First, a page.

If one word can sum up the Obama Administration’s foreign policy, it’s “engagement.” From Cuba to Iran and the Middle East to Russia, engagement is the White House’s magic word, an incantation that it uses to justify everything it does. Engagement’s the improved, touchy-feely way of announcing that you plan to rely on diplomacy, and it’s all the more attractive to liberals as a result.
Diplomacy is really just a means, not an end, but to liberals it can sound suspiciously like old-fashioned, state-to-state stuff. Engagement has a cheerier tone, because it implies that you’re going to get along, not just stubbornly defend your interests and values. It’s all about feeling the other guy’s pain.
Regrettably, as a policy, engagement’s a failure. It’s also an embarrassment. Sometimes, even the White House is compelled to realize this. Last week, the Obama Administration confirmed that, in spite of the massive protests and state-led brutality around the fraudulent Iranian elections, it would not rescind the invitations it had issued to Iranian diplomats to attend 4th of July parties at U.S. embassies around the world.
This was the first time since the Iranian Revolution that the Iranians had been invited to share the hot dogs. When asked if, especially now, this wasn’t a disgrace to the spirit of 1776, State Department spokesman Ian Kelly predictably replied:
“We have made a strategic decision to engage on a number of fronts with Iran . . . . We tried many years of isolation, and we’re pursuing a different path now.”
Or not. A day later, White House press secretary Robert Gibbs announced that the invitations had been rescinded, and that, in any case, none of the Iranians had accepted in the first place. And that sums up one of the problems with engagement as a foreign policy: it turns you into a patsy. If the other guy doesn’t want to play ball – and we have 30 years of evidence that the Iranian regime is not interested in friendly relations with the U.S. – you can apologize for America all you want to and succeed only in looking like a sucker. And that just encourages the other guy to act up again. It’s foreign policy with a ‘kick me’ sign on its back.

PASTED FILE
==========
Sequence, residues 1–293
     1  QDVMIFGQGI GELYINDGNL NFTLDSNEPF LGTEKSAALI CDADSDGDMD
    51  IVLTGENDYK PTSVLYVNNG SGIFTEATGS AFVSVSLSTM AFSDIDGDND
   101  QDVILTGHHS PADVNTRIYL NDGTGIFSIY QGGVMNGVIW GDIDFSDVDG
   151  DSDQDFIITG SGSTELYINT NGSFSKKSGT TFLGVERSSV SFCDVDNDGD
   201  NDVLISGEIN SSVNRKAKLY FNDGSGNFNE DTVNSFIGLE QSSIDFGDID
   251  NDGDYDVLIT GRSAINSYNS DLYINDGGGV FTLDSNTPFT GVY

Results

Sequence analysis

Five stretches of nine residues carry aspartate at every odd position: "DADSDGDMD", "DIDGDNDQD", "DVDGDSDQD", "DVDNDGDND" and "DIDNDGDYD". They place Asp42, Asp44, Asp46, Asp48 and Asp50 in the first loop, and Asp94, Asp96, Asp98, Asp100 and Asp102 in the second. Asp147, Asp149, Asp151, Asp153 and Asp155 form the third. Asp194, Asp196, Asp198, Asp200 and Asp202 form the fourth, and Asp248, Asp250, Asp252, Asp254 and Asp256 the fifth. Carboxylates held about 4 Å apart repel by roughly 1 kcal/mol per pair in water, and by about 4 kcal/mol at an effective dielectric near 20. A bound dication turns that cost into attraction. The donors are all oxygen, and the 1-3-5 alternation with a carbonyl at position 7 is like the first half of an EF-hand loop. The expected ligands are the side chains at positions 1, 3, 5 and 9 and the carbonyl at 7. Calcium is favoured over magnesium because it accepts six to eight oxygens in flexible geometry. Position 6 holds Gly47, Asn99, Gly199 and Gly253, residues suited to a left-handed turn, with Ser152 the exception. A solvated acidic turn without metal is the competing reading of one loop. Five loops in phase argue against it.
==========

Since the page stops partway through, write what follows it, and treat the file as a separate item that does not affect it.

When it’s about the 4th of July and hot dogs, that’s bad enough. But when it’s the lives of American men and women in uniform, the war in Afghanistan, and the safety of the American homeland that are at stake, it’s a lot worse. Next month, Italy will host the G8 Summit. In advance of it, the Italians have put a lot of emphasis on their belief that Iran can be engaged into being a responsible player in Afghanistan. But predictably, Iran last week refused to even attend a meeting on Afghanistan with the G8 foreign ministers.
That should tell Italy – and the Obama Administration – something that’s already obvious: Iran is not a responsible player, and it has no intention of becoming one. Pretending that we can engage our way to victory in Afghanistan, or to friendship with the Iranian mullahs, will only encourage them, and distract us from what we need to do to defeat the Taliban, to deal firmly with Iran, and to protect ourselves and our friends from the Iranian missile threat.
- After the House narrowly passed (219-212) the Waxman Markey Global Warming Tax on Friday afternoon, the legislation moves to the Senate. President Obama said he was concerned with the new tariffs included.
- New York Times liberal columnist Paul Krugman accused those who voted against Waxman-Markey of committing “treason against the planet” and said global warming was a bigger threat to America than terrorism.
- A military led coup in Honduras ousted President Jose Manuel Zelaya. The Honduras Congress also voted to remove him. Zelaya had wanted to eliminate presidential term limits. Hugo Chavez and other leftist leaders condemned the coup. President Obama said he was “deeply concerned.”
- 300 boxes of new material from Sonia Sotomayor’s time at the Puerto Rican Legal Defense Fund were discovered last week. Senators have asked for time to review, with hearings slated to start on July 13.
- Thousands of protesters in Iran took to the streets silently on Sunday, as Iran continued to detain British embassy workers who they accused of stirring up the demonstrations.